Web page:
The hall was alive with the sound of music. Specifically, the Kennedy Center Concert Hall, where last night the National Symphony Orchestra saluted Broadway in an enchanted evening's worth of Rodgers and Hammerstein.
Selections from "The King and I," "Oklahoma," "Carousel," "South Pacific" and "The Sound of Music" brought out the orchestra's best pop side, as it variously joined forces with the Paul Hill Chorale and three persuasive soloists. Conductor Erich Kunzel didn't so much direct as thrust himself musically into each performance. His physicality seemed to inspire the players, so that what might have resulted in a freeze-dried greatest-hits package instead came off as a fresh-perked tribute to Rodgers and Hammerstein.
The National Symphony, when not supporting the vocal factions, lent a special sparkle to such numbers as the "March of the Siamese Children" and the "Carousel Waltzes," the latter of which, as Kunzel informed the audience, was sight-read because some orchestral parts did not arrive until after the morning rehearsal.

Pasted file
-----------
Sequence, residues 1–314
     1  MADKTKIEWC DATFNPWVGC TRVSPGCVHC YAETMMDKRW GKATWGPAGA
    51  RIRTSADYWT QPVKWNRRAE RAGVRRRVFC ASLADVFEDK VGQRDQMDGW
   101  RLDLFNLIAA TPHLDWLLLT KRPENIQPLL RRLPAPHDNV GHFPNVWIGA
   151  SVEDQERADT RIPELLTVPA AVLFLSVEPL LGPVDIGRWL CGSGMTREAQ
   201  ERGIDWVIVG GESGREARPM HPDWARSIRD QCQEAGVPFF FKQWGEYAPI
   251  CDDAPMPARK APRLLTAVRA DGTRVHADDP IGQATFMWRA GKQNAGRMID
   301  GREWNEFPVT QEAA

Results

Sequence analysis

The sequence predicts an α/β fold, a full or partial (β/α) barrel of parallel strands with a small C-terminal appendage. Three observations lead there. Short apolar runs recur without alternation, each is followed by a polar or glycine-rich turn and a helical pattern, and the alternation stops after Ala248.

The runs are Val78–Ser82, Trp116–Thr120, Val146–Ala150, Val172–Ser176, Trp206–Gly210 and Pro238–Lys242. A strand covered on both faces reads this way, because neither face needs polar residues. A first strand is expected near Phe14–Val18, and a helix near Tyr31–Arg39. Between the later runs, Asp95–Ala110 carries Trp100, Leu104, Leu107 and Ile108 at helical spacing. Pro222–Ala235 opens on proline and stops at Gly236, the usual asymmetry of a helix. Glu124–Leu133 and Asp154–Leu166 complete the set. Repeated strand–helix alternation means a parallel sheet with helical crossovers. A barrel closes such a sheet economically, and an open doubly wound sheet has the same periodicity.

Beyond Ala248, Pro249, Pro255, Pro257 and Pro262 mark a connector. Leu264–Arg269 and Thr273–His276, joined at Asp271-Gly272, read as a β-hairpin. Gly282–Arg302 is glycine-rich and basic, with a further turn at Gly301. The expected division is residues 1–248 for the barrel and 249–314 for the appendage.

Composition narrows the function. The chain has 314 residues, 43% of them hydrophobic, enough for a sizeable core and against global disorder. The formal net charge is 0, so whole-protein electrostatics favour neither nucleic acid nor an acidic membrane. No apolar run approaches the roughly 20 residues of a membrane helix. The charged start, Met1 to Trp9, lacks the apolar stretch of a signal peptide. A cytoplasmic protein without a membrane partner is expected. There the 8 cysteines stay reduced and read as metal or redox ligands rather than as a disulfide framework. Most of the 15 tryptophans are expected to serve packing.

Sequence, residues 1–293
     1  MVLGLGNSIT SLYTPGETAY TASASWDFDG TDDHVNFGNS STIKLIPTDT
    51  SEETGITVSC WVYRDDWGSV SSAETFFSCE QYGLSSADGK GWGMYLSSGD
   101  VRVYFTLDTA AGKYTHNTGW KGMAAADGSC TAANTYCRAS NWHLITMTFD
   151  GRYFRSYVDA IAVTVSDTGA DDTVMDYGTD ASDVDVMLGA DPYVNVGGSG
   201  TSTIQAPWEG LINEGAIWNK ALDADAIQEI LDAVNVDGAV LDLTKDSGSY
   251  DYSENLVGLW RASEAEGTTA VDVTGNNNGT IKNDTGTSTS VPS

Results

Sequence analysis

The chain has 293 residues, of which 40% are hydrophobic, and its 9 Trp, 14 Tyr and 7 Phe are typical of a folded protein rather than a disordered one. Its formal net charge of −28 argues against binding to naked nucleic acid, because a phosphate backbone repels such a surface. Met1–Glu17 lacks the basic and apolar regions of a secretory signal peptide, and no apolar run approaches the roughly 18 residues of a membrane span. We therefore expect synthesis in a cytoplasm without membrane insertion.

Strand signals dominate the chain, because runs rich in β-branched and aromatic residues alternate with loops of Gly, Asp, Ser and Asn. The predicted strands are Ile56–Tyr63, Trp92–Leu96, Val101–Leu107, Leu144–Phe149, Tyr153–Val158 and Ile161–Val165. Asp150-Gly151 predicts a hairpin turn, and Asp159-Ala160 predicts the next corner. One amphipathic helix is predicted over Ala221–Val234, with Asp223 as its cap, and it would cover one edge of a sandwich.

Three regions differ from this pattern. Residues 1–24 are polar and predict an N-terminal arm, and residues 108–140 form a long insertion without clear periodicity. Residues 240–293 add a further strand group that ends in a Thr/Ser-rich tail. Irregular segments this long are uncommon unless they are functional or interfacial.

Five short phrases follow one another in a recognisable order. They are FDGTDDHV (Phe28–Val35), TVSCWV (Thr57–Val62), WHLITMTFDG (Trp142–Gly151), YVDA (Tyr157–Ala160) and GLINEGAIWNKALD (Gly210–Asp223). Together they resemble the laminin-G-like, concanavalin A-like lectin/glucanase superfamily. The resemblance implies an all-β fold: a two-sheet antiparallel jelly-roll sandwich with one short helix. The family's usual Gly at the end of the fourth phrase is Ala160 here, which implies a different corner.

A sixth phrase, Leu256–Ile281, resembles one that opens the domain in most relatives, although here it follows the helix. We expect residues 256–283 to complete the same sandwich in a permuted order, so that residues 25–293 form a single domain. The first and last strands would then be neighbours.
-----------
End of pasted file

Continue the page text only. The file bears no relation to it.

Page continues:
Yet the program belonged to the vocalists. In the words of one title on the bill, "it's a grand night for singing." Soprano Katherine Terrell, tenor James Schwisow and baritone Lewis Dale von Schlanbusch, besides their strong, clear voices, each brought an adroit theatricality. When they dropped in a spot of Dust Bowl twang for their collaboration with the Paul Hill Chorale in "Oklahoma!," the crowd's response was nothing if not bustin' out all over.
Not to be outdone, Kunzel managed to get into the spotlight during the "South Pacific" portion. He followed a tough act -- Schlanbusch, who was barefoot and clad in a makeshift grass skirt and bikini top over his tuxedo for "Honeybun." Stepping off the podium and up to the mike, Kunzel added a boffo profundo tag to "There Is Nothing Like a Dame.